Isabelline shrike

The isabelline shrike or Daurian shrike is a member of the shrike family. It was considered conspecific with the red-backed shrike and red-tailed shrike, it is found in an extensive area between the Caspian Sea and north and central China southeast to the Qaidam Basin. Overwinters in Africa and Arabia; the genus name, Lanius, is derived from the Latin word for "butcher", some shrikes are known as "butcher birds" because of their feeding habits. The common name is from the specific isabellinus, New Latin for "greyish-yellow" named for Isabella I of Castile, said to have promised not to change her undergarments until Spain was freed from the Moors; the common English name "shrike" is from "shriek", referring to the shrill call. This migratory medium-sized passerine eats large insects, small birds and lizards. Like other shrikes it hunts from prominent perches, impales corpses on thorns or barbed wire as a larder, it breeds in open cultivated country, preferably with thorn bushes. The plumage is isabelline, the sandy colour.

It has a red tail. Young birds can be distinguished from young red-backed shrikes by the much sparser vermiculations on the underparts. Worfolk, Tim Identification of red-backed and brown shrikes Dutch Birding 22: 323-362 Pictures - Oiseaux

Total suspended solids

Total suspended solids is the dry-weight of suspended particles, that are not dissolved, in a sample of water that can be trapped by a filter, analyzed using a filtration apparatus. It is a water quality parameter used to assess the quality of a specimen of any type of water or water body, ocean water for example, or wastewater after treatment in a wastewater treatment plant, it is listed as a conventional pollutant in the U. S. Clean Water Act. Total dissolved solids is another parameter acquired through a separate analysis, used to determine water quality based on the total substances that are dissolved within the water, rather than undissolved suspended particles. TSS was called non-filterable residue, but was changed to TSS because of ambiguity in other scientific disciplines. TSS of a water or wastewater sample is determined by pouring a measured volume of water through a pre-weighed filter of a specified pore size weighing the filter again after the drying process that removes all water on the filter.

Filters for TSS measurements are composed of glass fibres. The gain in weight is a dry weight measure of the particulates present in the water sample expressed in units derived or calculated from the volume of water filtered. If the water contains an appreciable amount of dissolved substances, these will add to the weight of the filter as it is dried; therefore it is necessary to "wash" the filter and sample with deionized water after filtering the sample and before drying the filter. Failure to add this step is a common mistake made by inexperienced laboratory technicians working with sea water samples, will invalidate the results as the weight of salts left on the filter during drying can exceed that of the suspended particulate matter. Although turbidity purports to measure the same water quality property as TSS, the latter is more useful because it provides an actual weight of the particulate material present in the sample. In water quality monitoring situations, a series of more labor-intensive TSS measurements will be paired with quick and easy turbidity measurements to develop a site-specific correlation.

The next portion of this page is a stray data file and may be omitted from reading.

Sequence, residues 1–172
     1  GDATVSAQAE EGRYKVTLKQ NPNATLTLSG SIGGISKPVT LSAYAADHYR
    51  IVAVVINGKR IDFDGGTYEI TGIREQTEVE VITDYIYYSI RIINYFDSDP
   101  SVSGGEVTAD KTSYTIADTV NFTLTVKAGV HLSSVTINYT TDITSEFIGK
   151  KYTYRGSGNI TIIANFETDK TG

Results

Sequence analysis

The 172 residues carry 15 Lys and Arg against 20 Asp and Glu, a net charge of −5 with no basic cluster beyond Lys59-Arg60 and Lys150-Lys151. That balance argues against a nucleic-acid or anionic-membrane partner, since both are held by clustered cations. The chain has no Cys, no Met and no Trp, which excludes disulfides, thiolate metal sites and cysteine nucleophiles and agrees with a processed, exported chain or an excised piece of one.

Once satisfactorily established, the correlation can be used to estimate TSS from more made turbidity measurements, saving time and effort. Because turbidity readings are somewhat dependent on particle size and color, this approach requires calculating a correlation equation for each location. Further, situations or conditions that tend to suspend larger particles through water motion can produce higher values of TSS not accompanied by a corresponding increase in turbidity; this is because particles above a certain size are not measured by a bench turbidity meter, but contribute to the TSS value. Although TSS appears to be a straightforward measure of particulate weight obtained by separating particles from a water sample using a filter, it suffers as a defined quantity from the fact that particles occur in nature in a continuum of sizes. At the lower end, TSS relies on a cut-off established by properties of the filter being used. At the upper end, the cut-off should be the exclusion of all particulates too large to be "suspended" in water.

However, this is not a fixed particle size but is dependent upon the energetics of the situation at the time of sampling: moving water suspends larger particles than does still water. It is the case that the additional suspended material caused by the movement of the water is of interest; these problems in no way invalidate the use of TSS. But comparisons between studies may require a careful review of the methodologies used to establish that the studies are in fact measuring the same thing. TSS in mg/L can be calculated as: / mL of sample * 1,000,000 Volatile suspended solids Bed load Settleable solids Turbidity – The cloudiness of a fluid caused by large numbers of particles that are invisible to the naked eye Water pollution – Contamination of water bodies Water quality